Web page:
First or Foremost?

rogersgeorge on August 10th, 2009

Okay, perhaps this distinction is falling into disuse (the people who like to be pretentious are winning), but if you make this distinction in your writing, your writing will be tighter, less pretentious, and easier to read.

Prior—ahead in order of importance. Think of the phrase, “takes priority,” which still conveys this meaning. ” I’d agree with you, but that would contradict the court’s prior ruling.”

Previous—ahead in order of time. (This word’s teammate is “before.”) “Your previous statement led me to believe you were kidding.”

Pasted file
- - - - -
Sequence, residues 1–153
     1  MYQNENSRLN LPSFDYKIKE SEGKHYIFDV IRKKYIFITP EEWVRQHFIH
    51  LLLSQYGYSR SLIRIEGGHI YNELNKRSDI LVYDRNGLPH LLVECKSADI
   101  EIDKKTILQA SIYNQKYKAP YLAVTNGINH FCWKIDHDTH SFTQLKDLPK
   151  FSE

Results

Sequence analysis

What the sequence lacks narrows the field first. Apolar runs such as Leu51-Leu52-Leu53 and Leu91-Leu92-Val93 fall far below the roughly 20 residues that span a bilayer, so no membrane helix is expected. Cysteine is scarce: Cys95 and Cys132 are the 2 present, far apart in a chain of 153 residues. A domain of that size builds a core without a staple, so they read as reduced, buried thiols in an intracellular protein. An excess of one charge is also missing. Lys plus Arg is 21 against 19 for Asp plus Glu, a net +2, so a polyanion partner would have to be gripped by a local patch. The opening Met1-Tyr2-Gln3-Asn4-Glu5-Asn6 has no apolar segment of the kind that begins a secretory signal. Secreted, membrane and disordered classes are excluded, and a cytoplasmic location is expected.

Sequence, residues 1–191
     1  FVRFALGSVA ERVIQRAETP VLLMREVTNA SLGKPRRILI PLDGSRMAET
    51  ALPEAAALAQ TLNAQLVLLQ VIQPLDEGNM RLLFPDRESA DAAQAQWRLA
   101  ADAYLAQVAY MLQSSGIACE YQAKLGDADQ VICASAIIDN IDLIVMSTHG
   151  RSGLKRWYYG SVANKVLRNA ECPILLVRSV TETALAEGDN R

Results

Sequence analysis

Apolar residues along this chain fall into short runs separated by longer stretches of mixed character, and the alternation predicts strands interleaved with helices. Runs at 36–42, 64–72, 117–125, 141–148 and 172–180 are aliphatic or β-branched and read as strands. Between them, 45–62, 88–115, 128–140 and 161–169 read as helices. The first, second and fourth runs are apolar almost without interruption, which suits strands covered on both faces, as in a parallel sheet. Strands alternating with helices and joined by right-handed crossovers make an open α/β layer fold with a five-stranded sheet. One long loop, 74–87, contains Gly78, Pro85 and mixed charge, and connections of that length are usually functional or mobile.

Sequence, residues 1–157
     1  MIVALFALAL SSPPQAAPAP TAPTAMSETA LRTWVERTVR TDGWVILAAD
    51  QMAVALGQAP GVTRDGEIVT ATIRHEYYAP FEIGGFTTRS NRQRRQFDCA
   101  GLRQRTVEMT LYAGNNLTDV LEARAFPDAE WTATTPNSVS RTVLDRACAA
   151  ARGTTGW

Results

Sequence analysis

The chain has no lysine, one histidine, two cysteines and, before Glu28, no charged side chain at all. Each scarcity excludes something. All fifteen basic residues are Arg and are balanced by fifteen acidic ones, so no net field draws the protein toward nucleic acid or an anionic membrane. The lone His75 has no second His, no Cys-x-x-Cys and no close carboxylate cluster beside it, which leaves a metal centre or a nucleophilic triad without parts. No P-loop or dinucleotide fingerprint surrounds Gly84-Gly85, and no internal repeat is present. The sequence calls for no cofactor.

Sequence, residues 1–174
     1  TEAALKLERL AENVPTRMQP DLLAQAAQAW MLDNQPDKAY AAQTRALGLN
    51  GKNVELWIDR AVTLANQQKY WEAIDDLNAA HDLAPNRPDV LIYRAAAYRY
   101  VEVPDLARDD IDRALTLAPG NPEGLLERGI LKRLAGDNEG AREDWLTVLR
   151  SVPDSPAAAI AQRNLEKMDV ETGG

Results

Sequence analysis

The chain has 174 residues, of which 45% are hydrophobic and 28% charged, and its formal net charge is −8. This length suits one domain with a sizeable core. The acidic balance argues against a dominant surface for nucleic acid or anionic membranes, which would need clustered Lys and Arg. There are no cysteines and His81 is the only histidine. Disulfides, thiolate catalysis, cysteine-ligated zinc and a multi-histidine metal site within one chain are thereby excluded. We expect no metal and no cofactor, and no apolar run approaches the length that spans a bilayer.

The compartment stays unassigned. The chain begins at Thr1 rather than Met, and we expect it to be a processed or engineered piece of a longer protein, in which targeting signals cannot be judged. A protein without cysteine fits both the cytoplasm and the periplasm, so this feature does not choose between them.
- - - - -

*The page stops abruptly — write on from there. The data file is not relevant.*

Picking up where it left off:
If you use “previous” or “before” to refer to something that happened beforehand, instead of “prior,”  no one will notice that you used the simpler word, but your writing (and speaking) will flow more smoothly and it’ll have a bit more punch.

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